VIA 57 West
New York City
Owner Durst Pyramid LLC
Lead Design Firm BIG
General Contractor Hunter Roberts Construction Group
Structural Engineer Thornton Tomasetti
Architect of Record SLCE Architects
VIA 57 West, located on Manhattan’s West Side, combines a European-style courtyard with a New York high-rise building.
Each side of the nearly 1-million-sq-ft building is designed to allow the maximum amount of daylight to enter each of the 709 residential units, which are arrayed around a 25,000-sq-ft central courtyard. About 20% of the residential units will be used for affordable housing. The 44-story tower also includes commercial and retail space and has incorporated features to save water and reduce energy dependence.
Building materials were also chosen with the environmental impact in mind. Instead of using the more common concrete mixed with fly ash, all columns and shear walls were poured with an 8,000-psi concrete mix that replaced 50% of the cementitious material with slag. Concrete slabs were poured with a 6,000-psi mix that contained 30% slag. The cellar and slab-on-grade slabs are designed as pressure slabs spanning pile foundations on the west side of the building and spread footings on the east.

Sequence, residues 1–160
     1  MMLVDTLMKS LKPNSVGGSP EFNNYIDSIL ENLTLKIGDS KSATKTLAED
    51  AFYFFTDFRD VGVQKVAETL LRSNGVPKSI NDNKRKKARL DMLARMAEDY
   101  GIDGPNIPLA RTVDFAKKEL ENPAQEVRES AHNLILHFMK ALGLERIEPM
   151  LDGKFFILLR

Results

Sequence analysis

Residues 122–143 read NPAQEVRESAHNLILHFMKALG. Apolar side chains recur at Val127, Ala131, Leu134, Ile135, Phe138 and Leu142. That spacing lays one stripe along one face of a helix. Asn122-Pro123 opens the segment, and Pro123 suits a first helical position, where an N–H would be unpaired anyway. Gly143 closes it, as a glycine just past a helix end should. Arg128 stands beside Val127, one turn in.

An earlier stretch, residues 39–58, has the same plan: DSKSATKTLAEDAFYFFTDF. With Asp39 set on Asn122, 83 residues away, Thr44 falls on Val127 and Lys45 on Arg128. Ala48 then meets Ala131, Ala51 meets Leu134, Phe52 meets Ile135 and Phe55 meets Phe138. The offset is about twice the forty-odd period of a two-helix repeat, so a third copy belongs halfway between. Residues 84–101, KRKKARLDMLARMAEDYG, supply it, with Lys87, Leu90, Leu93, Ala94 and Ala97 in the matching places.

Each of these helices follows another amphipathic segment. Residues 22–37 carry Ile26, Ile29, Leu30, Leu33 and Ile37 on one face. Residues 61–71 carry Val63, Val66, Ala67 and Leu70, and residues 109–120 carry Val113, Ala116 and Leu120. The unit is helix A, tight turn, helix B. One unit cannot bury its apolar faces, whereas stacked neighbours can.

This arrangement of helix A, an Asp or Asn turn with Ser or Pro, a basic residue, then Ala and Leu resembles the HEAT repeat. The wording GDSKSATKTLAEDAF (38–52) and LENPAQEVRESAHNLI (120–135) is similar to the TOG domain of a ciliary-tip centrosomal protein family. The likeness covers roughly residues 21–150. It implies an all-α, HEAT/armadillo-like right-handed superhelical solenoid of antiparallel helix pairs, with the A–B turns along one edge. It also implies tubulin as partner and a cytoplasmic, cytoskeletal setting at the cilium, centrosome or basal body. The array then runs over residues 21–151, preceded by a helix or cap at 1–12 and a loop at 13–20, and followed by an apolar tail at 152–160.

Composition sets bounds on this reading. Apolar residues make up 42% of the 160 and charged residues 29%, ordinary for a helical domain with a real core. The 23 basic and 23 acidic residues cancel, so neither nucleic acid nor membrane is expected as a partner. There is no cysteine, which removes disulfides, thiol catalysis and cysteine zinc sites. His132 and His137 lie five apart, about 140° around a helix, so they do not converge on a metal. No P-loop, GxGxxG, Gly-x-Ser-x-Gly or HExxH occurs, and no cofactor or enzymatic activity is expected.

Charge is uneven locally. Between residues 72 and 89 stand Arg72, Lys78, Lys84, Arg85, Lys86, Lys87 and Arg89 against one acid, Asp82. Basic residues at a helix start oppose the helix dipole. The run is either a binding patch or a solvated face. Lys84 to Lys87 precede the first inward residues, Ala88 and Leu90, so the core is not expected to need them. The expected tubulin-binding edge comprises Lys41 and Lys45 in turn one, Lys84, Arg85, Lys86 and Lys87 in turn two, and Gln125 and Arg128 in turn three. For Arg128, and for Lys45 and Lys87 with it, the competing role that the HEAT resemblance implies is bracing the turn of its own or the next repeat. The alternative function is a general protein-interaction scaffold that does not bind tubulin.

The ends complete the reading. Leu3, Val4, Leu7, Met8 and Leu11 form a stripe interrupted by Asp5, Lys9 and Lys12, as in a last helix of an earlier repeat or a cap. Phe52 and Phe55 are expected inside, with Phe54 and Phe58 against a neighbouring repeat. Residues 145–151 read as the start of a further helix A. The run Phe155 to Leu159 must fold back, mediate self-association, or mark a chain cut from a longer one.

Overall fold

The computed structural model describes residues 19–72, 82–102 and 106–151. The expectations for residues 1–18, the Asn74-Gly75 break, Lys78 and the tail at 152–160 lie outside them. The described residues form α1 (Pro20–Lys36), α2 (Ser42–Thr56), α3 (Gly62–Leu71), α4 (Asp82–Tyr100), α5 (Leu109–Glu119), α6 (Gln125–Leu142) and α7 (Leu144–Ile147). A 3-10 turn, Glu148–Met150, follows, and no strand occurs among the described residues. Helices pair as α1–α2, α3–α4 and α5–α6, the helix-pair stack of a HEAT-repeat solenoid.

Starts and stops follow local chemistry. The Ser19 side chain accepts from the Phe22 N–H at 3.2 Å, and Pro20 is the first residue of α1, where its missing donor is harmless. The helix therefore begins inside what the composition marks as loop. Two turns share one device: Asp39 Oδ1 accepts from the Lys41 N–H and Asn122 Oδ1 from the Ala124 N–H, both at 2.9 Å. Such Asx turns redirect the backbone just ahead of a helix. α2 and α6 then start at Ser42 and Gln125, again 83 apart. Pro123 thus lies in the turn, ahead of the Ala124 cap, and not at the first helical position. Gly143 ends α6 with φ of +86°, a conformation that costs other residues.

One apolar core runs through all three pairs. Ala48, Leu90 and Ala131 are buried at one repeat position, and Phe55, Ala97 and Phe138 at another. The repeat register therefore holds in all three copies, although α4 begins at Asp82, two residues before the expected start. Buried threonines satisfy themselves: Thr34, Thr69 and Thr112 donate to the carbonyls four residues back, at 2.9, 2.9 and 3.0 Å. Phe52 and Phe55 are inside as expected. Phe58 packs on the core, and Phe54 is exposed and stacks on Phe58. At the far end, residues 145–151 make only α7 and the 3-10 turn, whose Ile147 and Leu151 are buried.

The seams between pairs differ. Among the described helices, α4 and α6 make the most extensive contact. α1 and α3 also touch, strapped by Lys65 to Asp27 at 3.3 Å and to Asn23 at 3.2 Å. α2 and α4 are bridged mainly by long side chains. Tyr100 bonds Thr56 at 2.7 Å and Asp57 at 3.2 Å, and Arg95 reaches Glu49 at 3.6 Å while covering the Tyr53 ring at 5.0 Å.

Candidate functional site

“Our team of engineers faced unique challenges resulting from the complex geometry of the overall structure, unconventional floor plates and offset cores that necessitated equally complex structural analysis,” says Rob Otani, principal at Thornton Tomasetti. “We also had to convey the design in a concise manner to allow for competitive subcontractor bidding. The finished building has exceeded our expectations.”
The building’s setbacks, which vary at each floor, imposed a structural design challenge. The superstructure consists of 10-in., two-way flat slabs with saw-toothed edges that cantilever up to 10 ft and support facades and balconies. Embedded transfer girders were used, and 396 unique reinforced concrete beams are embedded into a thickened, 18-in., two-way flat slab along the perimeter setbacks.
Within the slabs are 10-in. depressions for terraces. The slab is integral to the lateral system, taking almost one-third of the lateral wind and seismic loads. The remainder of the lateral load is supported by two concrete cores surrounding the elevator banks and by three concrete shear walls.